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Fortunately, Apex Tactical makes triggers that, by all reports, fix each of these issues. Although the triggers on the Pro Series had allegedly been improved, I was prepared to drop the extra dough to get a self-respecting trigger for my gun. However….

The trigger on this particular gun was…surprisingly good. Rated at 4-5.5lbs (a whopping 1-1.5lbs lighter than that the normal M&P trigger), it had smooth take-up with no noticeable grit, a predictable wall, and a VERY CRISP break. I mean nearly icicle crisp with negligible creep.

And then I reset the trigger… I mean, you can kind of feel the trigger reset, but you sure as heck can’t hear it. Coming from a Glock where the sound of the trigger reset has been known to bring people out of comas, this is disappointing to say the least. However, with practice, I think there is enough feel in the reset to get by.

Shooting

Being a competition gun, accuracy and controllability should be the main two reasons for buying the M&P Pro. I’ll preface this by saying that the sight picture/point of impact on this gun was not what I was used to. Typically, on a handgun with the sights aligned, POI is right at the top of the front sight. On the M&P Pro however, POI is right behind the green fiber optic dot, meaning that if you use the former sight picture, you will miss low.

Despite struggling to make this adjustment, 1” groups at 7 yards weren’t a problem, using 115 grain Wolf ammo. With a little more practice, getting these to shrink into the same hole shouldn’t be too difficult.

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Obviously, things opened up as I moved the target back, but a fist sized group offhand at 15 yards isn’t anything to sneeze at. I expect the gun’s accuracy to show even more as I get used to putting the dot over the target, rather than the top of the blade.

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Slow-fire accuracy is good, but controllability during rapid fire is just as, if not more important for a gun like this. After receiving my paddle holster and some mag pouches in the mail from Comp-Tac, I took the M&P Pro out to Best of the West to run a few practical shooting drills.

I had no trouble keeping strings of rapid fire inside the A zone on a standard IPSC target from 3 to 7 yards. The weight and balance of this gun with the long, 5 inch slide make the M&P Pro a pleasure to shoot. Recoil is tame to nonexistent, and the green fiber optic sight immediately drops back onto target, making follow up shots no problem. The bright green dot is also very easy to pick up when transitioning between targets.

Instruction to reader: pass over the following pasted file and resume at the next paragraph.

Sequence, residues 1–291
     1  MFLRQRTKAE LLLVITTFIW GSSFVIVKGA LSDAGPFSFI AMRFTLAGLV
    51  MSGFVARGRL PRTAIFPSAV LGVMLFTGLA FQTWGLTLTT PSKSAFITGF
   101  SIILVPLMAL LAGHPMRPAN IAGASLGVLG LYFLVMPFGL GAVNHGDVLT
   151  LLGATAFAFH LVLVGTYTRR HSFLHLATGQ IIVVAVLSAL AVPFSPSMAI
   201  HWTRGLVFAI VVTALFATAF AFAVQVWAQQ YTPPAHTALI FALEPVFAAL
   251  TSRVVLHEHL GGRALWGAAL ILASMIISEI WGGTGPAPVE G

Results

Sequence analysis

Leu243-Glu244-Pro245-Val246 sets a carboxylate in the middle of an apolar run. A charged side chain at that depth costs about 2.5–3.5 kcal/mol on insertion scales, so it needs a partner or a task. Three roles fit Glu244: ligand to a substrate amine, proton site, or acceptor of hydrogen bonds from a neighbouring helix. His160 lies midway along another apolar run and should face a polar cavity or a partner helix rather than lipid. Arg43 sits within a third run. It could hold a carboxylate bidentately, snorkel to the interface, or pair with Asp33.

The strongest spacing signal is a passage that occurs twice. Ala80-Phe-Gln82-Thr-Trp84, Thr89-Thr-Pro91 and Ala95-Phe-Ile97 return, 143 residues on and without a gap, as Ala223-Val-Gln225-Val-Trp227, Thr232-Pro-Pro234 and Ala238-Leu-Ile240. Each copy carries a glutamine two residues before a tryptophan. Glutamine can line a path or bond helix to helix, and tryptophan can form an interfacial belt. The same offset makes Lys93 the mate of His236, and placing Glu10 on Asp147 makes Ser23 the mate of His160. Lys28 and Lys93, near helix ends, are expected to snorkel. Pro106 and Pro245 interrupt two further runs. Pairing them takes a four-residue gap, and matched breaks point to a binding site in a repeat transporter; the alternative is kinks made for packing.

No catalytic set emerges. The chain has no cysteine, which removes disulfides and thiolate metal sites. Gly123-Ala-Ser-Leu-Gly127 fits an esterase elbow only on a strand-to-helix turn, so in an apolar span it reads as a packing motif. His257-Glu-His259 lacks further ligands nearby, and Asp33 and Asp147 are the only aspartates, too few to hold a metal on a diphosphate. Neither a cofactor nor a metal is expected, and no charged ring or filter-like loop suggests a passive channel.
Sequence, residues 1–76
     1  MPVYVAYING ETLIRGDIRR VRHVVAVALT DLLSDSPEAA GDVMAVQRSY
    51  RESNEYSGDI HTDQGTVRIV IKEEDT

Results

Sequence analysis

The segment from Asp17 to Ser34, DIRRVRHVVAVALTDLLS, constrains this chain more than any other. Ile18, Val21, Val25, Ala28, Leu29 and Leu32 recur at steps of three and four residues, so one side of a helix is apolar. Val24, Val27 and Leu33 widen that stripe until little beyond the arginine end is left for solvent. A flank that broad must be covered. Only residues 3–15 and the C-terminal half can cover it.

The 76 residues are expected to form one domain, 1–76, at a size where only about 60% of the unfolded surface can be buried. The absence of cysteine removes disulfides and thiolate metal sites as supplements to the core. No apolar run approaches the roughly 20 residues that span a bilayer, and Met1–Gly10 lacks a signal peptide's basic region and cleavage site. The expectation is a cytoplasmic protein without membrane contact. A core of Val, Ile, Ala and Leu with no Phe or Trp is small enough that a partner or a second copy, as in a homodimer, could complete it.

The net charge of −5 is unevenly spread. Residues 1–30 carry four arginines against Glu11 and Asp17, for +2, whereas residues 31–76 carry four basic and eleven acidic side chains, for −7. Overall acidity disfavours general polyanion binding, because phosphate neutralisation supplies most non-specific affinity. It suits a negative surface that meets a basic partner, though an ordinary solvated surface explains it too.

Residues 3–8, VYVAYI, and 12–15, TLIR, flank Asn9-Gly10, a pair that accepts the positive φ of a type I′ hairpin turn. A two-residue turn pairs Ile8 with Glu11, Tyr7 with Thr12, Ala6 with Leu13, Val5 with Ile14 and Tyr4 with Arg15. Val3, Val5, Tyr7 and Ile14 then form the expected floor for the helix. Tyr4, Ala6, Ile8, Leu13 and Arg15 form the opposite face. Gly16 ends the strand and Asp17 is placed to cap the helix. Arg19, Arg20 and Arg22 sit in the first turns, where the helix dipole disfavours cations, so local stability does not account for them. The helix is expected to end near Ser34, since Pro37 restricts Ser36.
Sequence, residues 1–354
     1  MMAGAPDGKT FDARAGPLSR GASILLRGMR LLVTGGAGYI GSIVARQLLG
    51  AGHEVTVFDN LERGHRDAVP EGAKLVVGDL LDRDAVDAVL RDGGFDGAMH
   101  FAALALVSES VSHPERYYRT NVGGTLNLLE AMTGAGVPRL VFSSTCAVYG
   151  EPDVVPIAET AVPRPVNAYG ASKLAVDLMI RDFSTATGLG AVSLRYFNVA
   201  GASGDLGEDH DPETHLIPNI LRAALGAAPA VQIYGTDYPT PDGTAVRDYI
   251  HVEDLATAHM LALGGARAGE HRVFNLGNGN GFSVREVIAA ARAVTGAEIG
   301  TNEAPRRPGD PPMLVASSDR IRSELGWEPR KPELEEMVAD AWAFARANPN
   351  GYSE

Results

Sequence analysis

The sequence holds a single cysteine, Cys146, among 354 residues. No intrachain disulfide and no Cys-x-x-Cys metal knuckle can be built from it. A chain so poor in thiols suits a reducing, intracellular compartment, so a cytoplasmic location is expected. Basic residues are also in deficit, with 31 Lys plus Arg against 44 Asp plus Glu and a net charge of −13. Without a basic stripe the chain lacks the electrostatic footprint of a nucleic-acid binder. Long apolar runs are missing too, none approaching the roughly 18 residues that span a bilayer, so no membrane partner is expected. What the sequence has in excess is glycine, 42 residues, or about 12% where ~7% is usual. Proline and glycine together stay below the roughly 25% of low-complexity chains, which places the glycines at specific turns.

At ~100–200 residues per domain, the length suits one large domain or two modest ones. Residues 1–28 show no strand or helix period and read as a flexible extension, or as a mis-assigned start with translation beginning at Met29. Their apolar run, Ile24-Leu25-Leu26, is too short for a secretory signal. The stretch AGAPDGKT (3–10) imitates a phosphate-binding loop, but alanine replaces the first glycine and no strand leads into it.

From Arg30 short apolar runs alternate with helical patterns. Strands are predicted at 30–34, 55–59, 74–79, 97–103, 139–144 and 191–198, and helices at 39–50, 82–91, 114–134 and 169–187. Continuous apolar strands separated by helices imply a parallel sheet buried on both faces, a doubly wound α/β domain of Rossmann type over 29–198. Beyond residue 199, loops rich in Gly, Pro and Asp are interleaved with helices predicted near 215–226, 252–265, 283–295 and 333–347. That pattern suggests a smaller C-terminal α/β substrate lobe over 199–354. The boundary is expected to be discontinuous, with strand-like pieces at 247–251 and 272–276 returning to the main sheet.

Reliability

As a poor college student, I buy the cheapest ammo I can get my hands on and don’t have the time or cash for ammo-finicky firearms. As of writing, I’ve had this gun about a week, but have managed to run several hundred rounds consisting of Blazer, Wolf, WWB, Tula, Brown Bear, Monarch, and others. All ammo was digested without issue and I don’t expect this to change. By all accounts, M&Ps are just as reliable as Glocks, although you won’t see me freezing my M&P Pro inside a block of ice or baking it into a cake anytime soon.

The M&P Pro is a solid gun in its own right, but what truly makes it shine is its ability to work for a wide variety of different shooters, including us small-handed lefties. Suffice to say, I’m pleased with this gun’s performance, especially at a reasonable price point that’s about half of what you would pay for a high quality 1911.

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Specifications:
Caliber:              9mm Luger
Barrel:                5″
Overall:              8.5″
Weight:              26 oz. empty
Capacity:           17+1
Price:                 $669.00 MSRP (Street price will vary)

Ratings (out of five stars):

Accuracy: * * * * *
Long sight radius and nice sights make for small groups in slow fire and easily controllable rapid fire. If you can’t shoot this gun well, it’s on you.

Ergonomics (Handling): * * * * *
Huge plus of the M&P line. Unless you are a smurf or a mountain gorilla, you can make this gun fit for you.